Last Wednesday, the cryptosphere eagerly awaited the bill that the Paraguayan deputy, Carlos rejala, had to present to the National Assembly of his country. In the wake of the news that Bitcoin was being adopted as legal tender in El Salvador, most observers believed Paraguay would perhaps create a large-scale rallying movement behind Bitcoin in Latin America. Sadly, crypto supporters were disappointed when details of the bill surfaced hours before its official presentation.
Mr. Rejala had undertaken a massive media campaign on Twitter, adopting the codes of the crypto community, for example adding red “laser” eyes to his profile picture and using the hashtag #bitcoin at the slightest opportunity. The previous week, he had announced that his bill had won the support of a senior official in the Paraguayan senate, Fernando Silva Facetti. All of this foreshadowed that the expected “big news” would be another significant breakthrough for Bitcoin and the crypto industry.
For observers, the now public bill is nothing new in comparison to cryptocurrency regulations elsewhere in the world. Unlike the Salvadoran bill, which will make BTC legal tender just like the dollar, Rejala’s bill proposes to place cryptocurrencies under the umbrella of property law, as is already the case in countries such as United States and United Kingdom.
The bill mainly concerns cryptocurrency mining without directly mentioning BTC or any other cryptocurrency. He proposes to introduce a registration system which would make it possible to tax minors and sanction non-compliant companies. The daily La Nación claimed that the bill was introduced as part of an effort to “take advantage of the excess energy” generated by the Itaipú and Yaciretá hydropower plants – an interesting point for supporters of a cleaner mining industry. Rejala, meanwhile, was very clear, saying:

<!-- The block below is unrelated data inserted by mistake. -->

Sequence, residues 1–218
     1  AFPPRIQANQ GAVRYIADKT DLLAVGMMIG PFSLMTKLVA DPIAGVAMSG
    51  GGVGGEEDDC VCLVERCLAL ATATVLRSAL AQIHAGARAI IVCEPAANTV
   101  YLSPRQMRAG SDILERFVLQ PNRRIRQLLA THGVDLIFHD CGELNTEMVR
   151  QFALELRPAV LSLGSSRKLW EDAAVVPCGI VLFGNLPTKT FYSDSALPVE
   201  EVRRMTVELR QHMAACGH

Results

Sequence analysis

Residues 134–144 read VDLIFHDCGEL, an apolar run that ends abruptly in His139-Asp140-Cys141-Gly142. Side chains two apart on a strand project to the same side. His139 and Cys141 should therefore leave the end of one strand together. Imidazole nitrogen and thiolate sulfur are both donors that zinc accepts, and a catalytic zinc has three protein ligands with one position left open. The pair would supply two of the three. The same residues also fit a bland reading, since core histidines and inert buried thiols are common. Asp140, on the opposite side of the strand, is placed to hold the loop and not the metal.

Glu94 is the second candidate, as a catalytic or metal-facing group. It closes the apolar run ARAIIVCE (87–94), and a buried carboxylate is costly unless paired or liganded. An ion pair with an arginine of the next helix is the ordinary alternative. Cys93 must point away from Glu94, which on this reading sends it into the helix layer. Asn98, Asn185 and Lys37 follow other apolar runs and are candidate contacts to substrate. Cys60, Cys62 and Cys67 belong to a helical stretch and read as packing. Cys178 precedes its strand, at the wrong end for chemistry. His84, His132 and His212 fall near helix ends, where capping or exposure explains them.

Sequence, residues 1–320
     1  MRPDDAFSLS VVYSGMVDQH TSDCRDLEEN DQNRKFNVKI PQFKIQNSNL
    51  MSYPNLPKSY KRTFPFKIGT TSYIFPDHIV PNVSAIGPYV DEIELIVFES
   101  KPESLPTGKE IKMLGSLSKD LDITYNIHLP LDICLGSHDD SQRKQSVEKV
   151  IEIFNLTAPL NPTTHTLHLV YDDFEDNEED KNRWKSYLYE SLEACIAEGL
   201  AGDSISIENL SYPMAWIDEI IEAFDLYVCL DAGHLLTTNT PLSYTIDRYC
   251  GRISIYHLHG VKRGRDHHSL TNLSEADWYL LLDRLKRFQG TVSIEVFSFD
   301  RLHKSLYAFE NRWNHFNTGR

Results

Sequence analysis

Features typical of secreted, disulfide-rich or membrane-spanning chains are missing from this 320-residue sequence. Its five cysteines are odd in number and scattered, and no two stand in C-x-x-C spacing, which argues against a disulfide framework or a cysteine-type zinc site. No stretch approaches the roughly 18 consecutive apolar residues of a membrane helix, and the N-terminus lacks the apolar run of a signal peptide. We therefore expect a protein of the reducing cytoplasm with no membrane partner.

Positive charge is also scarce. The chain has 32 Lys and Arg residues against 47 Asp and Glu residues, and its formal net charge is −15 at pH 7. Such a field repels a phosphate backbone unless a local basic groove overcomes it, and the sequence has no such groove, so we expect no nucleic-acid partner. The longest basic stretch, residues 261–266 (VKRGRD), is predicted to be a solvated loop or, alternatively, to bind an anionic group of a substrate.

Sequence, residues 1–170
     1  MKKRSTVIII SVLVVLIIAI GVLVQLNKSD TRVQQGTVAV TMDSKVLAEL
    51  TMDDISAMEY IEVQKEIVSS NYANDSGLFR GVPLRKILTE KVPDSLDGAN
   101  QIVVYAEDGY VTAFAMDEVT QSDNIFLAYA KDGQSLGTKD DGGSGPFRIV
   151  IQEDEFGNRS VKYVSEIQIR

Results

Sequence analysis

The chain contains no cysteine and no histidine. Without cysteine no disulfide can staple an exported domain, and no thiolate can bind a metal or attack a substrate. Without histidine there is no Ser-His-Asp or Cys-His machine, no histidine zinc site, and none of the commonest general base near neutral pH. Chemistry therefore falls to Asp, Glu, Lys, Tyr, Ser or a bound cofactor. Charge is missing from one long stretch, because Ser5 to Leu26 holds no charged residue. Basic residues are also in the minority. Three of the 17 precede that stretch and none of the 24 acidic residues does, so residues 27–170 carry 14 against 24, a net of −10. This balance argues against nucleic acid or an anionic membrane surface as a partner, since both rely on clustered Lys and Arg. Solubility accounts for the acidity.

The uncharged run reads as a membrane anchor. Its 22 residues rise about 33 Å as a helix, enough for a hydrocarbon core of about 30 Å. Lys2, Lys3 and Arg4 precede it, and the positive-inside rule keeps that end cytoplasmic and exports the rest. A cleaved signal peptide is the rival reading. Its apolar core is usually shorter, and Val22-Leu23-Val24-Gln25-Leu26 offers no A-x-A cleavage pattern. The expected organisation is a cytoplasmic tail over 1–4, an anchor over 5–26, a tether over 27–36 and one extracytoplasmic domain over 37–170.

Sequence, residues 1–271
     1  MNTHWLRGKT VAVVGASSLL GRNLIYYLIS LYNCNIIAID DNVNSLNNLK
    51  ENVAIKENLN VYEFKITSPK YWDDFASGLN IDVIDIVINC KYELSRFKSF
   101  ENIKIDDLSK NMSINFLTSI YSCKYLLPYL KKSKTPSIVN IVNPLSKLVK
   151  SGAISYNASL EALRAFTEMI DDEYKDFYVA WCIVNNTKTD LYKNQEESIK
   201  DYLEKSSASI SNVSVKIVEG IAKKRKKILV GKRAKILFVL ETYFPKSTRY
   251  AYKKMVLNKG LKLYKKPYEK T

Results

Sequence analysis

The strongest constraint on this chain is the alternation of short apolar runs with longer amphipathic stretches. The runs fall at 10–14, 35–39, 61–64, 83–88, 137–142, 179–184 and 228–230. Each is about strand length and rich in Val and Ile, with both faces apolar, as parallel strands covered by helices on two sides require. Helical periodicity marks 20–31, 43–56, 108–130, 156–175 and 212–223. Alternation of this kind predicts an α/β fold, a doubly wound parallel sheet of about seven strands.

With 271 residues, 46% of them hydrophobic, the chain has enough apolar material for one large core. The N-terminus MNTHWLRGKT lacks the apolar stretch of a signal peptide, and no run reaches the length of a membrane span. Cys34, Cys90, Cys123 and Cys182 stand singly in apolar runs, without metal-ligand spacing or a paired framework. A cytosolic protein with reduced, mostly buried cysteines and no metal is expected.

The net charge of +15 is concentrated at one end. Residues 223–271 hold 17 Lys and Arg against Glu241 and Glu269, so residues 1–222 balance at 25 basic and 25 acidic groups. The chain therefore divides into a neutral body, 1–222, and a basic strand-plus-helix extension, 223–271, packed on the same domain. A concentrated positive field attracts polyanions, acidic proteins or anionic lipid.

“This law provides a clear regulatory framework for the cryptocurrency mining industry, in order to attract foreign investment to Paraguay.”
The adoption of Bitcoin in Paraguay will therefore not take place immediately. Besides, some like Joaquin fiorio, founder of CryptoPy, expressed their doubts about the possibility of Paraguay becoming a Bitcoin nation. Fiorio told Decrypt that the situation in Paraguay is completely different from that of El Salvador. According to him, Paraguay has “one of the most stable fiat currencies in the Latin American region and inflation is very low.” In addition, the country’s commercial banks are very conservative and have no interest in introducing a disruptive element into the system.
And unlike El Salvador or Venezuela, where the adoption of cryptocurrencies is arguably a necessity from a geopolitical point of view, Paraguay occupies a comfortable position on the world stage. There is no danger of unilateral sanctions affecting its economy, and its president does not appear to be a problem for the United States and its plans for regional influence.
Fiorio also questioned the influence Rejala has in the lower house: according to him, the young deputy, whose Hagamos party has only two seats, does not have the necessary support to pass this law. Under the current circumstances, this law is unlikely to be passed.
However, all is not dark for Bitcoin in this country: the volume of commercial transactions on peer-to-peer platforms (such as Paxful and LocalBitcoin) has exploded in recent months and communities active around cryptocurrency seem very dynamic. Also, with low energy, Paraguay might not be a bad territory for miners looking for new places to settle.
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